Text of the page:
Convicted triple murderer Ian Francis Jamieson doesn't deny he stabbed a neighbour to death before shooting his victim's elderly parents in the head at their homes in regional Victoria.
But he wants to overturn his murder conviction for the fatal stabbing of his Wedderburn neighbour Gregory Holmes because he claims it was self-defence.
Jamieson, 66, appeared before the Victorian Court of Appeal via video link on Tuesday but did not say anything as barrister John Desmond made submissions on his behalf for an appeal against conviction.
Jamieson was last year jailed for life with a minimum of 30 years after pleading guilty to murdering Mr Holmes, 48, and his mother Mary and husband Peter Lockhart.
Mr Desmond says his client has a "subjective belief" he is not guilty of murdering Mr Holmes, who was stabbed 25 times.
This could potentially affect the integrity of Jamieson's guilty plea to Mr Holmes' murder, the barrister said.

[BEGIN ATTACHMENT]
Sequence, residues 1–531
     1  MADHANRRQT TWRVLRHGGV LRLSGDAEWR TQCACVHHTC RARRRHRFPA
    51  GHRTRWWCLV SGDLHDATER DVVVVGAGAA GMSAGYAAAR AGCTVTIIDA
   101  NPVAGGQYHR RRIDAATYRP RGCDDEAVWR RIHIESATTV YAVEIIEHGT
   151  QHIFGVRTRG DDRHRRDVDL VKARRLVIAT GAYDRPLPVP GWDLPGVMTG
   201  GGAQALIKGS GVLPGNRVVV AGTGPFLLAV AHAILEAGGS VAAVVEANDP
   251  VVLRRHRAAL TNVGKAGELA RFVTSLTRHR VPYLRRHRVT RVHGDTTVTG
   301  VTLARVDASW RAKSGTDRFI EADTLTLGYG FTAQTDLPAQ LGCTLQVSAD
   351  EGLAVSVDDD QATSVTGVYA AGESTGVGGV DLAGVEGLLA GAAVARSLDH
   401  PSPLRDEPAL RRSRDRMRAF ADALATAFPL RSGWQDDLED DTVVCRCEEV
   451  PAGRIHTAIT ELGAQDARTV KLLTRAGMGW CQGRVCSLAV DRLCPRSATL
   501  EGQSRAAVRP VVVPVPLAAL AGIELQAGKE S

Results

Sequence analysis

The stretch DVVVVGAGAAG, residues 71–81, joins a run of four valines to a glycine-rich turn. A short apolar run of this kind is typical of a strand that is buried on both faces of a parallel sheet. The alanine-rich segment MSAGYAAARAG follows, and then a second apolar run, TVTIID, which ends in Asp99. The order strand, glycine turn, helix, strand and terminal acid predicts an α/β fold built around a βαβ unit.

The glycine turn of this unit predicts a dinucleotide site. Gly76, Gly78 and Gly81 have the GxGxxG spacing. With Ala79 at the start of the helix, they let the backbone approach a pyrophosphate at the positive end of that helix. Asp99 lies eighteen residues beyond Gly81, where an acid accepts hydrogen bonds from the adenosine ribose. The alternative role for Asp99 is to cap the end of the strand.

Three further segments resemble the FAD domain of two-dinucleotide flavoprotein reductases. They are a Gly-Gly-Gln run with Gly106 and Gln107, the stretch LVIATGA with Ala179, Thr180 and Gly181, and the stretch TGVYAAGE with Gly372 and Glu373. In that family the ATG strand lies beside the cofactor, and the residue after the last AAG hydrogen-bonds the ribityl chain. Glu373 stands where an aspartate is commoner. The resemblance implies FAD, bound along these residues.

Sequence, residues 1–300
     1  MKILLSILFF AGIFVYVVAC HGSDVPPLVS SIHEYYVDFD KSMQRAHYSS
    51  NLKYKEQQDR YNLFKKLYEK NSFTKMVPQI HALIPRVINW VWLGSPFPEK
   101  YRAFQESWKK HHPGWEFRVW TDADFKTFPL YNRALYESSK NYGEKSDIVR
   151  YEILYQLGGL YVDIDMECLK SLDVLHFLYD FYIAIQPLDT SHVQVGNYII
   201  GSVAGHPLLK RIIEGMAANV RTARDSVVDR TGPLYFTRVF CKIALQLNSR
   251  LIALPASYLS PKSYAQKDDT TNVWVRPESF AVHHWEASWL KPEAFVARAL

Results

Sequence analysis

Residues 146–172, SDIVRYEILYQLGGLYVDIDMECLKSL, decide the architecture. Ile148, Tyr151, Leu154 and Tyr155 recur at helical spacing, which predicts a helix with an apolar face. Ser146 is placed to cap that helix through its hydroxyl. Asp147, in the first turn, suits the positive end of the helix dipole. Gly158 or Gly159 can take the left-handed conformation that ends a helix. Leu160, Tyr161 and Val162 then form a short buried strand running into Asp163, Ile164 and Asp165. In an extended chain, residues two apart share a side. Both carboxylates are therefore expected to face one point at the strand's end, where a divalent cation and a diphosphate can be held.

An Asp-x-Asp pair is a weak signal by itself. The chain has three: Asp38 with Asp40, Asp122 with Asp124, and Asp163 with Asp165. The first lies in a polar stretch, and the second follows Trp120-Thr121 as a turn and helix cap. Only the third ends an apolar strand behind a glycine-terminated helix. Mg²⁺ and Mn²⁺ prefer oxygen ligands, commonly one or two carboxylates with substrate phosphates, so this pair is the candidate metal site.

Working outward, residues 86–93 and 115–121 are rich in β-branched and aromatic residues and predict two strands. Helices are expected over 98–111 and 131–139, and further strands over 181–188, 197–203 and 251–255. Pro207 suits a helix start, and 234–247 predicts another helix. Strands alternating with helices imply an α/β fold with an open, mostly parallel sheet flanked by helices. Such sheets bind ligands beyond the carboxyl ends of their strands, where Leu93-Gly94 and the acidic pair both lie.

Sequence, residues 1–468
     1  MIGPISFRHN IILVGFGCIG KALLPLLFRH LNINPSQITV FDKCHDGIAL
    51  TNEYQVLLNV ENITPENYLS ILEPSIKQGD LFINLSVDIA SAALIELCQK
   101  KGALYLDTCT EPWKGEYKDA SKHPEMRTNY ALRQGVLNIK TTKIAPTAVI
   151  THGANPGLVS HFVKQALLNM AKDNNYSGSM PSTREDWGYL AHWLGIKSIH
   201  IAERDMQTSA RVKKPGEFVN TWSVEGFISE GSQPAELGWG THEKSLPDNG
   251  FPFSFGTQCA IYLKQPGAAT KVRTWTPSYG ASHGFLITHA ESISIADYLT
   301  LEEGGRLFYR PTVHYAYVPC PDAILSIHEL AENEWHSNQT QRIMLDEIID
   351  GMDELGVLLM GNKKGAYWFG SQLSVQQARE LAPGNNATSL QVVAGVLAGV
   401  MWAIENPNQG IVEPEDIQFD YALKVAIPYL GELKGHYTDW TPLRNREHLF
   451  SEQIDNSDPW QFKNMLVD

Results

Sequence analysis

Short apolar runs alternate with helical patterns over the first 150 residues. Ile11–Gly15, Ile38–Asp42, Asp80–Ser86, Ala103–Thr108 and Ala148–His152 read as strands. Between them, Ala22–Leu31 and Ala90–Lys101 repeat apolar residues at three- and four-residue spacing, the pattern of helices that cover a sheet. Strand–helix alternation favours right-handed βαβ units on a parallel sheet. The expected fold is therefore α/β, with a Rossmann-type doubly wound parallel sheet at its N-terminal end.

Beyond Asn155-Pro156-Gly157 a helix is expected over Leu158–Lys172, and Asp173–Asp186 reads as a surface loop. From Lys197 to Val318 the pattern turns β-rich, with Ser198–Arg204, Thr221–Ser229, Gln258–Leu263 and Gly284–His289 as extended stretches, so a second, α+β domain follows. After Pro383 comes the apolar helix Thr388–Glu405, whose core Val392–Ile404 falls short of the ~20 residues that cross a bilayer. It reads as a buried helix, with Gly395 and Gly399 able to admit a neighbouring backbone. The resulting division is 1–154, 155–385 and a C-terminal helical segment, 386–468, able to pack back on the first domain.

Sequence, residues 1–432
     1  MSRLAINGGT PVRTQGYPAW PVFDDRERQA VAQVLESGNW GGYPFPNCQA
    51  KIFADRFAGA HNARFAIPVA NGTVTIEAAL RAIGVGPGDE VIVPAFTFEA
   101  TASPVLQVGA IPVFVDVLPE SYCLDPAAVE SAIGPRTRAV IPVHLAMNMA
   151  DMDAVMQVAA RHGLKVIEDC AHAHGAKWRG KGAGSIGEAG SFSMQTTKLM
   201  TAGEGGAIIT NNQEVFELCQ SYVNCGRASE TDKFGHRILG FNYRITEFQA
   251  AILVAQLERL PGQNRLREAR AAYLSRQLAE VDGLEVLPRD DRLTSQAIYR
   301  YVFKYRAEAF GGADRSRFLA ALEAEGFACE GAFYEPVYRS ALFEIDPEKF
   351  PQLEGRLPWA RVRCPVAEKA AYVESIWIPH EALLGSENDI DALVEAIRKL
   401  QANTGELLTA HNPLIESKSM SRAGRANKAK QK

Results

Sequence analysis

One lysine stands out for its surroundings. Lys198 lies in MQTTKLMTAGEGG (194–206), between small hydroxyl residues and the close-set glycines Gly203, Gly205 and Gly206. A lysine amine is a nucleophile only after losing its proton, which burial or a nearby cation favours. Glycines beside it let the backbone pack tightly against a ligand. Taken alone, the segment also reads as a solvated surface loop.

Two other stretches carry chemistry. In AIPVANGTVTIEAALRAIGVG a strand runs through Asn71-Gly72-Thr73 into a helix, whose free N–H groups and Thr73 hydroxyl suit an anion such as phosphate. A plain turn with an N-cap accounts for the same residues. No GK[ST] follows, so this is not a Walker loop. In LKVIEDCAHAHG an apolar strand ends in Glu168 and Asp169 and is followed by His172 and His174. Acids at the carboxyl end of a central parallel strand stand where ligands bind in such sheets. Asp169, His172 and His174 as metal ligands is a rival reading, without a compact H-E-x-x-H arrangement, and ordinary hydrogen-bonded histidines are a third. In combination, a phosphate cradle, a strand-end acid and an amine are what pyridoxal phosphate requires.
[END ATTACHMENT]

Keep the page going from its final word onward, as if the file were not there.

"His subjective belief was he was acting in self-defence," Mr Desmond said.
"There is a risk to the administration of justice."
Jamieson repeatedly stabbed Mr Holmes, 48, with a hunting knife on October 22, 2014 following a long-running dispute about a dirt road near their properties.
Jamieson used to have a cordial relationship with the Lockharts until he took issue with Mr Lockhart's use of the road reserve.
Jamieson complained that the use of the dirt road led to dust blowing onto your farm, dirtying his property and polluting his drinking water.
He later told police that after stabbing Mr Holmes, he decided to "sort this out for good" and "clean the other ones up".
Jamieson then went home, loaded two shotguns, and walked to the Lockharts' farm.
He shot 78-year-old Peter Lockhart four times before he reloaded his gun and shot 75-year-old Mary three times.
Jamieson has previously claimed Mr Holmes stabbed him with a syringe containing what was "probably ice" during their struggle.
Justice Elizabeth Hollingworth rejected this claim at sentencing, as did the prosecution at a pre-sentence hearing.
But on Tuesday Jamieson's barrister said the "syringe issue" was a viable defence that Justice Hollingworth should not have dismissed.
Senior crown prosecutor Christopher Boyce SC said Jamieson had received sound legal advice before he decided to plead guilty.
"The allegation of lack of procedural fairness is without merit," he told the Court of Appeal.
Jamieson pleaded guilty to all three murders in April 2016, then unsuccessfully tried to change his plea on the first charge.
Justices David Ashley, Robert Osborn, Joseph Santamaria have reserved their judgment.